Old Bag, New Tricks?

Sunday, 15 March 2015

A modern take on the timeless Birkin bag

     Hermés’s Birkin bag, inspired by British supermodel and muse Jane Birkin, has acquired a reputation of the highest honour over the past thirty years since it’s birth.  Most anybody who knows anything about Hermés’s Birkin bag would say that just holding one will boost your status tenfold.   Hermés’s feature product demands attention by remaining exclusive and shrouded in mystery.  Rumours of waitlists and selected clientele continuously add value and intrigue to a handcrafted tote, which ultimately, is not worth the hype it receives.  It’s the story that sells.

     Although most of society can only imagine ever touching a Birkin bag with white-gloved fingers, many of the fashion icons who actually own one - or two - say otherwise.  It seems almost cringe-worthy that this piece of art, with a starting price of no less than a small $8,500 fortune, has stooped to the level of Kate Moss’s diaper bag and a Kardashian sister’s game tote; however, the bag is made to be used.  After all, the idea came to designer Hermès chief executive Jean-Louis Dumas on an Air France flight, when Jane Birkin’s purse inconveniently dumped all of her possessions on the floor.  Dumas responded to the traditional confines of the Kelly bag by creating a functional fashion statement that still embodies the classic aesthetic of the brand.  And his product, the Birkin bag, has proven itself to this day.  

     It’s clear that Birkin bags are retaining and even gaining value unlike anything else in the world of handbags.  Even the top fashion houses cannot logically compete with the outrageous prices that Birkin bags are fetching.  There is only a very very small niche of people who are willing to pay up to $150,000 for a single purse.  It is entirely a league of its own.  But the interesting thing is that although Hermès attracts a relatively small market, the Birkin bag retains massive influence over the fashion world, including all of those who do not - and will never - own one.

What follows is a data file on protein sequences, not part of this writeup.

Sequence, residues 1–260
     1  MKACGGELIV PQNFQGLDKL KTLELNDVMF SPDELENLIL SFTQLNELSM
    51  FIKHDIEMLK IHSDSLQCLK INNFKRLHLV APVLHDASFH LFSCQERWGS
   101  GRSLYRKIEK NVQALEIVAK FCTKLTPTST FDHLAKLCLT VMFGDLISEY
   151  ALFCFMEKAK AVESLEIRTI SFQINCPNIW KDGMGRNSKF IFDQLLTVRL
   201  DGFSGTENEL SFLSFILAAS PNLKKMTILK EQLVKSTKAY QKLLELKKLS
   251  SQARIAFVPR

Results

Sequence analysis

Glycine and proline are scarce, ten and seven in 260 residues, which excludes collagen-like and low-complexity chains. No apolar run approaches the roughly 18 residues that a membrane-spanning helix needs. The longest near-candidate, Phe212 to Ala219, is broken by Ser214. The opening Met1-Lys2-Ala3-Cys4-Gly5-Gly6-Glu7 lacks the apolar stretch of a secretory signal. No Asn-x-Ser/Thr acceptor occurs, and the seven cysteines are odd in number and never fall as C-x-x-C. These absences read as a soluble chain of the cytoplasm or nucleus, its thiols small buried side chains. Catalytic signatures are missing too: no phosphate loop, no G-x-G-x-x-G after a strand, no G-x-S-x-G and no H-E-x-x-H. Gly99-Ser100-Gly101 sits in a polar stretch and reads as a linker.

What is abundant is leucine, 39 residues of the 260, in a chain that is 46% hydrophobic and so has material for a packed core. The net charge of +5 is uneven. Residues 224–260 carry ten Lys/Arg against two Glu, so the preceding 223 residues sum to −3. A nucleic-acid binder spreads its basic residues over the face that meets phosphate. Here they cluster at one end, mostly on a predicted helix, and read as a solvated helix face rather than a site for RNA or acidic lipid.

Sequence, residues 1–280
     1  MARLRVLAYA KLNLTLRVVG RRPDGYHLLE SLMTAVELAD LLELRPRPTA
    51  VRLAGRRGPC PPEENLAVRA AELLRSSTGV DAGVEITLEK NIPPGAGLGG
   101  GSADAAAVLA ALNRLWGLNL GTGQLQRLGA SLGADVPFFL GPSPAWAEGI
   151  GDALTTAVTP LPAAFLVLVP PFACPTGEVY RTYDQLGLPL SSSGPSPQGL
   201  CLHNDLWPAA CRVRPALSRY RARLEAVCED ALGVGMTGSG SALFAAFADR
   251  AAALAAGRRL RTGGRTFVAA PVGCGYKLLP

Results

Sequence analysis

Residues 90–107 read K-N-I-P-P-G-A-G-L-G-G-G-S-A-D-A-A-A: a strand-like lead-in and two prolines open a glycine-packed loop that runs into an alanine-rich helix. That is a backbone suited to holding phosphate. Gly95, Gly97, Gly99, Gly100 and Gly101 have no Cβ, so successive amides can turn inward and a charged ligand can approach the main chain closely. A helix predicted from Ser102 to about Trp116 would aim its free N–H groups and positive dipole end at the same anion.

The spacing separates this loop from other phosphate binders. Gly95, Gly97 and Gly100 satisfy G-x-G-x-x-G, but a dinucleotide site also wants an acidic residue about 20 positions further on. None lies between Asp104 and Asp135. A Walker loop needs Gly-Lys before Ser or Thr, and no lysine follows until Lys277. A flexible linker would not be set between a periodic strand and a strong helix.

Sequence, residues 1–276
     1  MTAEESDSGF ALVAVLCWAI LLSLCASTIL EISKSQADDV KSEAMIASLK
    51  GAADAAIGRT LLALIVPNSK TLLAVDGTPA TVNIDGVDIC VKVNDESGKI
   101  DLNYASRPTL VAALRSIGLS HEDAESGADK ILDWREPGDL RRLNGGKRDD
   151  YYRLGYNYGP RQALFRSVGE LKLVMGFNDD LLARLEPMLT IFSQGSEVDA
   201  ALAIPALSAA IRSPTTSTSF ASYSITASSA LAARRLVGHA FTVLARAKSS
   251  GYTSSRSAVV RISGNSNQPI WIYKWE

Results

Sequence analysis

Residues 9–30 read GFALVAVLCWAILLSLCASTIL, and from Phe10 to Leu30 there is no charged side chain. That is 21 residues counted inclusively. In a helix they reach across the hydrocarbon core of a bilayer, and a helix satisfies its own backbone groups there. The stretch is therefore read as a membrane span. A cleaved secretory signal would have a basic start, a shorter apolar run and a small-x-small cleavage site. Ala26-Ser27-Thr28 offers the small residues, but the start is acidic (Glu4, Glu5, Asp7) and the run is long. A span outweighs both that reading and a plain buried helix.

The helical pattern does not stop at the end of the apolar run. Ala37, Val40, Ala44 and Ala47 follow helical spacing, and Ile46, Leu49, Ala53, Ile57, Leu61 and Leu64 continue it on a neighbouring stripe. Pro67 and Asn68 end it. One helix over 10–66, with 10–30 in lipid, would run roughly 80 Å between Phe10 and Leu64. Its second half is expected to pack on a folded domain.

Slightly dormant in recent years, perhaps due to the recent inflection point in fashion away from classic conservatism and towards an edgier, provocative aesthetic, the Birkin bag has re-emerged on the scene with a new face.  So what is up with the new trend of defacing Birkin bags?  
The ‘trend’ of “defacing” bags refers to the act of intentionally painting and artistically expressing oneself on the handbag with various media.  Have Kanye West and Lady Gaga started a new movement in luxury handbags?

     The last time I formally heard of this idea was in Candace Bushnell’s The Carrie Diaries, a series of novels preceding Sex and the City, where Carrie Bradshaw takes an accident and turns it into the new feature piece for Interview magazine.  Carrie Bradshaw took the magazine by storm, taking individualism in fashion to the next level but she didn’t need a Birkin bag to do it.  

     Louis Vuitton has somewhat emulated “the Carrie bag” with its vibrant seasonal collections, including the Graffiti collection and the Roses collection to name a few for a much lower price than it would take to achieve the same result with an Hermès.  Louis Vuitton’s funky patterns are big sellers and will indeed increase in value with time, since their production is, by nature, limited to a brief era.  However, one could argue that this trend of defacing Hermès bags in particular is more about making a statement than anything else.  The act comes across as a way of turning one’s nose up at the fashion label, implicitly proclaiming that although the bag is worth a small fortune, its owner does not feel that it is really worth much in its original state and that if throwing paint on it doesn’t produce an attractive outcome, a new bag can easily replace it.  

Louis Vuitton Roses Neverfull
Louis Vuitton Graffiti Neverfull

     The whole topic can spark provocative conversations.  Perspective is such a major component to this debate.  Is it as stated?  Is it really a low blow at the Birkin bag?  Or is the trend of defacing a fashion label’s work simply a contemporary form of individual expressionism?

     Whatever form the Birkin bag appears in, it will always retain the structure that made it so famous in 1984.  The bones of the idea will forever be the same and will forever grow in value regardless of the material or the colour or the print.  But with time, its place in the context of society is bound to transform.  Without a doubt, Hermès has created a story that contains many chapters and many chapters are yet to come.  

No Comments Yet, Leave Yours!

Blogging tips